• A Custom Code activity (under the Basic group)
    • A Travel activity (under the Task Sequences group)
    • A Release Resource activity (under the Shared Assets group)
  8. Drag the Finish Sub Flow activity to the end of the stacked block.
  9. Add a Resource activity to the side of the stacked block without connecting it.
  10. For clarity, rename the new activities as follows:
  11. Activity New Name
    The first Custom Code Custom Code: Close Ports
    The first Travel Travel to Supply Closet
    Acquire Acquire Cleaning Supplies
    The second Travel Travel to Processor
    Delay Delay: Clean Processor
    The second Custom Code Custom Code: Open Ports
    The third Travel Travel to Supply Closet
    Release Release: Return Supplies
    Resource Resource: Cleaning Supplies

When you're finished, check to make sure your process flow looks similar to the image at the beginning of this step.

Step 2 Edit Activity Properties

In this step, you'll edit the properties of all the new activities you added to the task sequence. The following table provides an overview of how the activities in this process flow will function:

Activity Explanation
Start Sub Flow All new tasks generated by the processor will create a token which starts here in the process flow.
Custom Code: Close Ports This activity will close the processor's ports so that it stops receiving flow items until it has been cleaned.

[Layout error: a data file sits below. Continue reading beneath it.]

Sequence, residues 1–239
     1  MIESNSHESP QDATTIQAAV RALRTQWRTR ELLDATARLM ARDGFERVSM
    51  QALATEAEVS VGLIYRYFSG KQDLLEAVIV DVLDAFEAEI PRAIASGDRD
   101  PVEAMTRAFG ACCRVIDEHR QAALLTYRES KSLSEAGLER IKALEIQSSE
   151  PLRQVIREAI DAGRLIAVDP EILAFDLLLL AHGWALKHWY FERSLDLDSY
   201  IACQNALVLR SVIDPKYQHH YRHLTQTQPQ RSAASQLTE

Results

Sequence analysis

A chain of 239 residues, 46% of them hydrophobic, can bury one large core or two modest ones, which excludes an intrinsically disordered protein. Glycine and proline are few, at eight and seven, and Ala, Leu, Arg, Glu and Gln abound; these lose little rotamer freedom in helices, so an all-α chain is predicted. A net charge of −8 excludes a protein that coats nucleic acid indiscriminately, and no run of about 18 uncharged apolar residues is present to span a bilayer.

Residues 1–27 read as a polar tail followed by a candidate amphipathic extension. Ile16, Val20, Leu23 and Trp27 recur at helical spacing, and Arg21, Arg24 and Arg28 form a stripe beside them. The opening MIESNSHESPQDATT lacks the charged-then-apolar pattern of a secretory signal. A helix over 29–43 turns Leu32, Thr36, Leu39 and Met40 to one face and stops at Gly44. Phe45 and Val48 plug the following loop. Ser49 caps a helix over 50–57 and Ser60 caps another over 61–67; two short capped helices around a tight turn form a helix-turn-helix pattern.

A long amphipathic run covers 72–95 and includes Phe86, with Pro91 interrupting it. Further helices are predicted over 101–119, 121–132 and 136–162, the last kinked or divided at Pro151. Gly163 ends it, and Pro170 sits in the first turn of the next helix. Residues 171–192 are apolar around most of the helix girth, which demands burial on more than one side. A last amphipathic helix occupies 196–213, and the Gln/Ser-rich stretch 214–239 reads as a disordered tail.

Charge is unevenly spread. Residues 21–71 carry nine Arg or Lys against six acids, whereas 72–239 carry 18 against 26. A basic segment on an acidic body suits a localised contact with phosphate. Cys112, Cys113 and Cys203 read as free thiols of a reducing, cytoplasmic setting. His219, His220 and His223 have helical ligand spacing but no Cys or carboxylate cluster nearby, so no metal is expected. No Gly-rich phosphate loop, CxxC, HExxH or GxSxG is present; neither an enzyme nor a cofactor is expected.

Load Item The operator connected to the processor's center port will load the flow item.
Unload Item The operator will take the flow item to the downstream fixed resource connected to the processor's output port.
Travel to Supply Closet The operator will travel to the supply closet.
Acquire Cleaning Supplies The operator will get the cleaning supplies from the supply closet.
Travel to Processor The operator will travel back to the processor.
Delay: Clean Processor This activity will represent the amount of time it takes to clean the processor.
Travel to Supply Closet The operator will return to the supply closet.
Release: Return Supplies The operator will return the supplies to the supply closet.
Finish When the sub flow is complete, the token will enter this activity and be destroyed, indicating the task is now complete.
Resource: Cleaning Supplies This resource will represent the cleaning supplies that will be used to clean the processor. You'll set this resource so that it is globally accessible, which means that both operators (both instances) will use the same resource. Only one set of supplies will be available at a time.

The steps will be logically organized by the activity types rather than the order they appear in the task sequence.

  1. Click the activity block to select it.
  2. You'll start by editing the two Custom Code activities so that they close and open the processor's ports at the right point in the task sequence. In Quick Properties under the Custom Code: Close Ports group, click the Add button next to the Custom Code box to open a menu of available picklists. Point to Control, then Close and Open Ports to open its picklist options.
  3. Leave the Action menu set to closeinput so that it will close the incoming port of the current processor.